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The Silent Man (John Wells, #3)
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The Silent Man (John Wells #3)

4.03  ·  Rating details ·  7,908 Ratings  ·  313 Reviews
"It's been a rough few years for CIA agent John Wells. The undercover work in Afghanistan and Pakistan, the attack on the United States, the Chinese plot that could have led to war. Wells is exhausted, and his nights filled with disturbing dreams. But he knows he has no time for that. He has made many enemies, and the world won't stay quiet for long." "Nevertheless, Wells ...more
Hardcover, 418 pages
Published February 12th 2009 by Putnam Adult (first published February 10th 2009)
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James Thane
This is the third book by Alex Berenson to feature CIA agent John Wells, after The Faithful Spy and The Ghost War. In each of the first two books, Wells was forced to save the U.S. from incalculable damage, almost single-handedly and at great cost to his own personal well-being. After all he's been through, you'd think the poor guy would deserve a vacation, but no such luck.

As this book opens, Islamic jihadists manage to steal two nuclear weapons from a Russian arms depot. Not surprisingly, they
Mar 21, 2018 rated it really liked it
Our friend Wells, who we met after he infiltrated the Taliban for a decade, is on the trail of a global arms dealer. The only way to get the CIA shark off track is to throw out some other bait - Arab bad boys who want to build their own Hiroshima-type bomb.

I enjoy the Wells persona - a Dirty Harry spy. He's in a regimented, team universe who wants to wing it, shooting from the hip. His minders would rather he play by the rules. Is there a rebel among us who doesn't empathize with the man who lov
Kyle Pennekamp
Mar 07, 2011 rated it it was ok
This is the third of Berenson's spy thrillers starring John Wells that I've read... and I think it's the weakest thus far. I loved the first, THE FAITHFUL SPY, because of Wells' uniqueness: he was coming out from under 10 years of cover in the Taliban, where he'd converted to Islam, was deeply religious, and stoo as a real fish out of water when he returned to the Western world of America in order to save it. Interesting moral conundrums abounded, and it felt fresh. In THE GHOST WAR, Wells wasn' ...more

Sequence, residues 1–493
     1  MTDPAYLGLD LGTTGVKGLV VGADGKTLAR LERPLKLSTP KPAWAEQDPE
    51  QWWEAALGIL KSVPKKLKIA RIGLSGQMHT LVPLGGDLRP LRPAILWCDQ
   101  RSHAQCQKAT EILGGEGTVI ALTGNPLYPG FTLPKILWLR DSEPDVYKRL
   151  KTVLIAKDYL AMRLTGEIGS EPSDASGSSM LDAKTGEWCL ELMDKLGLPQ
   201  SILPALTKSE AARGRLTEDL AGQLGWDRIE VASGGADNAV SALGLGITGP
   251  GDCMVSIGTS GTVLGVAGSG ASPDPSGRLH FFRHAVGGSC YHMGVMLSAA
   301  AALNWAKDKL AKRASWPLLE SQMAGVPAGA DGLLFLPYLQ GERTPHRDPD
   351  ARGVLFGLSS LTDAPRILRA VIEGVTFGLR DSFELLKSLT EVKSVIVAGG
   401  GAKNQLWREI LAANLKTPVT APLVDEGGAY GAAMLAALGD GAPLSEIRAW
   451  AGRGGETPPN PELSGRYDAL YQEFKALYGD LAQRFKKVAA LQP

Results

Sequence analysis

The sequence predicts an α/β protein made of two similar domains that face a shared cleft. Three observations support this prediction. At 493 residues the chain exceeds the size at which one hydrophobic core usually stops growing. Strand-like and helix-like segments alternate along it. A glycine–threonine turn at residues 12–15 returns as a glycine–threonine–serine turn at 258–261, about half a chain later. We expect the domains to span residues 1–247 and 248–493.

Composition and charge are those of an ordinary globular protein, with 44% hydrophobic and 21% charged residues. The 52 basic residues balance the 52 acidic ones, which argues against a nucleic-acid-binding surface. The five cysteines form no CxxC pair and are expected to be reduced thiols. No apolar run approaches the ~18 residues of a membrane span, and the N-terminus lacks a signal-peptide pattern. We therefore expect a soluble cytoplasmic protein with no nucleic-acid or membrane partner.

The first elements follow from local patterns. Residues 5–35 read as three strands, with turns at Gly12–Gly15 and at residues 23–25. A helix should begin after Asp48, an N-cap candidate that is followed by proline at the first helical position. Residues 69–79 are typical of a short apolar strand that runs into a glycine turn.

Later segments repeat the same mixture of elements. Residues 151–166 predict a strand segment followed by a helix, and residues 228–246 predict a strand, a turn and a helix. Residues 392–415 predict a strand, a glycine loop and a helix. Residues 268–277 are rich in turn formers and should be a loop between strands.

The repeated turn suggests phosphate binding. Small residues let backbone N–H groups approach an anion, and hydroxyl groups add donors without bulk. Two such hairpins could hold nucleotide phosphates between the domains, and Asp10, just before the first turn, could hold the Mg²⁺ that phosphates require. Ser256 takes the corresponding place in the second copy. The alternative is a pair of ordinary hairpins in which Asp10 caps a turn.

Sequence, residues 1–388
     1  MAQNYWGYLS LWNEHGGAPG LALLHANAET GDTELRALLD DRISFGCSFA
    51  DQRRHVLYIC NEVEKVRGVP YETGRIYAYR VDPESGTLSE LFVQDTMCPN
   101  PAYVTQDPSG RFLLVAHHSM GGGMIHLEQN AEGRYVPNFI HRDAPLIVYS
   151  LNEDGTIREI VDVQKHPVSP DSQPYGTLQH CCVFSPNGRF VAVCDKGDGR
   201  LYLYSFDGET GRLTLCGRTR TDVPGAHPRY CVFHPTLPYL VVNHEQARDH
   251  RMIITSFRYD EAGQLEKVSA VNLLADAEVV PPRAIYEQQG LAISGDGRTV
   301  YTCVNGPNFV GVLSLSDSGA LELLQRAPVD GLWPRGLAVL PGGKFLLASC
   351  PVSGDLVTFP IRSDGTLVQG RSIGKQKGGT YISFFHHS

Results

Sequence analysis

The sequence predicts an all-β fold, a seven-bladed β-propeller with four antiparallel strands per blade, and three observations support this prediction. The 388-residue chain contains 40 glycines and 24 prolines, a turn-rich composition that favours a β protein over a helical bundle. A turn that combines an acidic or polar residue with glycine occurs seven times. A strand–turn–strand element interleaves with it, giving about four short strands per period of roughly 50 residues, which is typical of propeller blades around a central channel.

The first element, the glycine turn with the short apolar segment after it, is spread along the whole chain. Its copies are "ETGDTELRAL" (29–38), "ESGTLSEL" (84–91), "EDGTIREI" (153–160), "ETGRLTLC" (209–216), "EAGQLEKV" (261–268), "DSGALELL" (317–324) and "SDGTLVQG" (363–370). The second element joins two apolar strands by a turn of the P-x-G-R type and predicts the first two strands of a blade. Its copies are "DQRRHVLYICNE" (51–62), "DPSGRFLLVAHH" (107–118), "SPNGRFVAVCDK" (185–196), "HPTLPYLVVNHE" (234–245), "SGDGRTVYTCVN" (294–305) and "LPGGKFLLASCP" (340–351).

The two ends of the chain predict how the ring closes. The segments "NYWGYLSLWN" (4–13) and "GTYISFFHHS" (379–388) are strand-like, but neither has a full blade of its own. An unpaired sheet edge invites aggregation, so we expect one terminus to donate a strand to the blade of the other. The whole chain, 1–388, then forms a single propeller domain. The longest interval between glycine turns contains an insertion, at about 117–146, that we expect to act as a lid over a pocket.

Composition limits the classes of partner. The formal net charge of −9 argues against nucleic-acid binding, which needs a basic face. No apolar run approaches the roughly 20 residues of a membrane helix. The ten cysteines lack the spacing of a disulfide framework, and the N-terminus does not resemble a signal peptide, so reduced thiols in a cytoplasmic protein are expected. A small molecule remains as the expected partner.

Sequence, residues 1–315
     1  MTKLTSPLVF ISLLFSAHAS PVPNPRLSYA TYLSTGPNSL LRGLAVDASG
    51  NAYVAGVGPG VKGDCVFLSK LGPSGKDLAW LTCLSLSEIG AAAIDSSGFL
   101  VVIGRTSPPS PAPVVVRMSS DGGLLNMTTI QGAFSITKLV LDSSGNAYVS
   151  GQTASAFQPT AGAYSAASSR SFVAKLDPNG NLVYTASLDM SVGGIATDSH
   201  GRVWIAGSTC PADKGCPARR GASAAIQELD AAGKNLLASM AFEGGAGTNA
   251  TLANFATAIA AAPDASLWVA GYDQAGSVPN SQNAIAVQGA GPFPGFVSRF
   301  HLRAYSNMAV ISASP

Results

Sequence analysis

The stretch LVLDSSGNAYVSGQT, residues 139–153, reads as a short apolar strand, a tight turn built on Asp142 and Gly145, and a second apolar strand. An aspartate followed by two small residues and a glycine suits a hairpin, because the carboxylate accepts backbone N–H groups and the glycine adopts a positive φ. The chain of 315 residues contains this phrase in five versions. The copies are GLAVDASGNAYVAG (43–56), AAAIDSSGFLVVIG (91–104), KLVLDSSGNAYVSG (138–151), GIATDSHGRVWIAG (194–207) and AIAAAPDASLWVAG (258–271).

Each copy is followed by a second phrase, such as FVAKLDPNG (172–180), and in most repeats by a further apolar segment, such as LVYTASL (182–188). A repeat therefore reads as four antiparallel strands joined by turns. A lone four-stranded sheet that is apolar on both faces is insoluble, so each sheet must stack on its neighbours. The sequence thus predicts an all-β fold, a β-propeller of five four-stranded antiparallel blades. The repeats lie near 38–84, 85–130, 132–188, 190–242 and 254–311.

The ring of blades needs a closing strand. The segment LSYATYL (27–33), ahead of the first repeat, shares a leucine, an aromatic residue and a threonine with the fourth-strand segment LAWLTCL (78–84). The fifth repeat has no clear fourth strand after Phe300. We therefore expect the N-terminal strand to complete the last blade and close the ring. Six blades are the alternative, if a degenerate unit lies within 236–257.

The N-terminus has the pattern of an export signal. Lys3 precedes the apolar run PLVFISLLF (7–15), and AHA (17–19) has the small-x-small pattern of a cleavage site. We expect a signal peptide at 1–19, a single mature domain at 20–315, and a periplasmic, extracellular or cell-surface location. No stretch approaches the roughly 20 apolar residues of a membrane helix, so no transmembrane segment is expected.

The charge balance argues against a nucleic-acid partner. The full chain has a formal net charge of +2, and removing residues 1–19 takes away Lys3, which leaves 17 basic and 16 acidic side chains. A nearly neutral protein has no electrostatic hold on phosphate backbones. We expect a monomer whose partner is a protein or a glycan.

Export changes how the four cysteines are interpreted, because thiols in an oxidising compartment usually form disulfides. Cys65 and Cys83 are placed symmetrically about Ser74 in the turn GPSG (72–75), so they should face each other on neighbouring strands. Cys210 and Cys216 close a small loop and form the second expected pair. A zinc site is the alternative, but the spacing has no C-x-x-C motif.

Ned Frederick
Feb 26, 2009 rated it it was amazing
High quality thriller. Exquisite detail about nuclear terrorism. If you are tired of being scared s%#tless by the media about this topic, there is some ironically reassuring comfort in the revealed details that governments to to secure their nukes. Not to oversell its enducational value... Like Berenson's other John Wells books it's also just a great read.
Nov 03, 2016 rated it it was ok
Shelves: read-fiction
ohhh my lord these books
Toni Osborne
Dec 16, 2010 rated it liked it
Book 3 in the John Wells series

The tale involves the theft of Russian made nuclear warheads to be used in an effort to trigger a U.S.-Russia conflict. Muslim terrorists calculate the ideal time and place would be Washington during the State of the Union address, payback for decades of Western domination and oppression.

The story is vividly told and plunges its readers into a scary minute-by- minute fictional account of how the militants steal two nuclear weapons, smuggle them into the U.S and o
Apr 16, 2013 rated it it was ok
Shelves: thriller
Berenson, Alex (2009). The Silent Man. New York: Penguin/Jove.

John Wells, contract government tough guy, is back to fighting Islamic extremists, as he did in Berenson’s The Faithful Spy (2006). But the story begins as a revenge tale, when Russian bad guys from his past attack him and his fiancé. He shoots them all dead of course, but his woman takes a serious abdominal wound and is laid up for the rest of the novel. With CIA/NSA help, he tracks the source of the attack to Moscow. He gets on a pl
Oct 17, 2012 rated it liked it  ·  review of another edition